Tuesday, December 14, 2010

Gay Theology and Critique of the Straight: Another Excerpt from My Journals

Another excerpt from journals I kept in the past.  This entry is dated 12 Feb. 1997:

A Lenten reflection: as I pray this morning (though I've forgotten that today is Ash Wednesday), I think of Isaiah crying out, "Make a straight path for our God" (40:2).  I open the bible to find that verse, and instead, my eyes happen to fall on the following line: "Consider the work of God; who can set straight what he has made crooked?" (Ecclesiastes 7:13).

An interesting diptych of verses.  On the one hand, we're commanded to make the way straight.  On the other hand, we're told that God makes crooked, and who can then straighten?

Is the rhythm of spiritual life somehow about the dissonance between these two commands, about trying to prepare a straight path for God to come into our lives, knowing all the while that God does what God will do?  As Wisława Szymborska says in her poem “The Century’s Decline”:

How should we live? someone asked me in a letter./I had meant to ask him/the same question./Again, and as ever,/as may be seen above,/the most pressing questions/are naïve ones” (in View with a Grain of Sand, p. 146).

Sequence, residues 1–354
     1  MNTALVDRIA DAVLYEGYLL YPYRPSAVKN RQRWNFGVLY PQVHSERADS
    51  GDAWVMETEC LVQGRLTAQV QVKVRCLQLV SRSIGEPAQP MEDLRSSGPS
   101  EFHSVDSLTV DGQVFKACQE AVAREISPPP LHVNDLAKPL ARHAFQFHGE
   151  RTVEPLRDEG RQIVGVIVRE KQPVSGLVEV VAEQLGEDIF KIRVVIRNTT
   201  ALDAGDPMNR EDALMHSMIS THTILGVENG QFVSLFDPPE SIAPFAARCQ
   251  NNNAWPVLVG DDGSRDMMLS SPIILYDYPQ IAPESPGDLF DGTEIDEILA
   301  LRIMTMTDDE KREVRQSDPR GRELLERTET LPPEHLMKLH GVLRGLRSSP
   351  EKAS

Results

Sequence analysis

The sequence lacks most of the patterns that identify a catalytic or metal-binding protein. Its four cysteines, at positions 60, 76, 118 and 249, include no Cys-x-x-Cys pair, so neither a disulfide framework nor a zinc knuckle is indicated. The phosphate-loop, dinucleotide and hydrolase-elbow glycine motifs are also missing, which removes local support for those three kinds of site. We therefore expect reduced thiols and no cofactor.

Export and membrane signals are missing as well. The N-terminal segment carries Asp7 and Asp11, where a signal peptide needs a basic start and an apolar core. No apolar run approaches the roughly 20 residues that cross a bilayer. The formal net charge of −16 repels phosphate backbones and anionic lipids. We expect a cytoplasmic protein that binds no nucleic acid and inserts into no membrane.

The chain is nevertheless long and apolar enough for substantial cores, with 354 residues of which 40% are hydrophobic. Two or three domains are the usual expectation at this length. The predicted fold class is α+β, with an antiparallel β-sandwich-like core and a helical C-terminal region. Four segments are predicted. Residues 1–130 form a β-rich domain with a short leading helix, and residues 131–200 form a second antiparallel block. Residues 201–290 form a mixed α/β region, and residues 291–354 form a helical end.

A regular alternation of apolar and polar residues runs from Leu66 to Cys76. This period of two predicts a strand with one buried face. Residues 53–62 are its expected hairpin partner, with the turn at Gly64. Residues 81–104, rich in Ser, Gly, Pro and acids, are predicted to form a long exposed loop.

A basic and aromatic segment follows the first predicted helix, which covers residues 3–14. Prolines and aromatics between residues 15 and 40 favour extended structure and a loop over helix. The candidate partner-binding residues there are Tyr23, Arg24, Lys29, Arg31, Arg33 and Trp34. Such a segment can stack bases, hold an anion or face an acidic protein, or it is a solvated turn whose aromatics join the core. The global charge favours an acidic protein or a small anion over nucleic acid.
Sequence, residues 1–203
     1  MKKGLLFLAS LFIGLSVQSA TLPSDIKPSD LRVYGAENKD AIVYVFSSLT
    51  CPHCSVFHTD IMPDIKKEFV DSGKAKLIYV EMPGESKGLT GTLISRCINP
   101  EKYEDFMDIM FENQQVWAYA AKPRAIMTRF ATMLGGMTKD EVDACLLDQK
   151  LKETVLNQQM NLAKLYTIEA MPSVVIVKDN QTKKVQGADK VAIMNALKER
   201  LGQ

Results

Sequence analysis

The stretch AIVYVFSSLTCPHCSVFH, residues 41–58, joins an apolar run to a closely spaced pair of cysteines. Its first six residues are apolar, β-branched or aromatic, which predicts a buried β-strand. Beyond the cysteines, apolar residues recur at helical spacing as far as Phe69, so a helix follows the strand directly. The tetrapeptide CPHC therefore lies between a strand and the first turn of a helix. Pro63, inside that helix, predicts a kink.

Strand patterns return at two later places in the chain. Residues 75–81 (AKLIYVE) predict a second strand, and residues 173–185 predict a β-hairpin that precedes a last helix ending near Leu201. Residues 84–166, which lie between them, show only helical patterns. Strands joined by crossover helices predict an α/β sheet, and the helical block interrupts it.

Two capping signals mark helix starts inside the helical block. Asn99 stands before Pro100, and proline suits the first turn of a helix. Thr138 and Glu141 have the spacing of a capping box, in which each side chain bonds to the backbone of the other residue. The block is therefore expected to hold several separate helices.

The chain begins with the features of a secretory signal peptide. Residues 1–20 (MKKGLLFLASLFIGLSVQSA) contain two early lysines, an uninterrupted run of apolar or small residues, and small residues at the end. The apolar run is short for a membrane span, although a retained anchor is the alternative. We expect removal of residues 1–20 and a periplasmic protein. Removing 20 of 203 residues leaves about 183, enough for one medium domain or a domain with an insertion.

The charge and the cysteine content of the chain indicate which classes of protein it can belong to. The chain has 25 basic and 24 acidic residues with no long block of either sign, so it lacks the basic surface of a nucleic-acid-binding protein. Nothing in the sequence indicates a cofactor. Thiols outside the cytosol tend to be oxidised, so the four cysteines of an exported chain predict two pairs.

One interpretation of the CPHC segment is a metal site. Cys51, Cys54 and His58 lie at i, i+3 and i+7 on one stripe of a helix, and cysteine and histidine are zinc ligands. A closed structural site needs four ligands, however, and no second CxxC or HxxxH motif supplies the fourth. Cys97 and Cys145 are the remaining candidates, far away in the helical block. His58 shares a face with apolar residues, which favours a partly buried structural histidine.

A gay theology, or one that seeks to take gay experience into account, subjects the notion of straightness to radical scrutiny.  Straight is too often a human plan or concept, rather than a divine one, a way of ordering the world so that--essentially--it can be controlled.  Theologies that question straightness find God in the wild verges, a God who peers out from the margins at straight lines with suspicion.

These theologies recover a central strand of prophetic wisdom: that is, that God does as God wills.  God's the divine potter, and we the clay.  Gay theology also retrieves a central insight of folk wisdom: God writes straight with crooked lines.

These theologies are inherently suspicious of the rationales for straightness and order, the way they reflect the need to foreclose the openness of a world not yet at its point of eschatological fulfillment, and make it manageable--and, above all, subservient to those who have power in the present arrangement of things.  And who just happen to be, over and over again, straight men.  And who appear, from the vantage point of the critique of straight presuppositions by gay theology, altogether eager to make God in man's image.  In their own image.

In British slang, a gay man is "bent."  Being bent causes one to ask critical questions about straightness.  So make straight God's ways, but don't expect God to respect one's need for a straightness that is more than openness to God's ways.  This insight might well be at the heart of what gay theologians have to offer the churches today.

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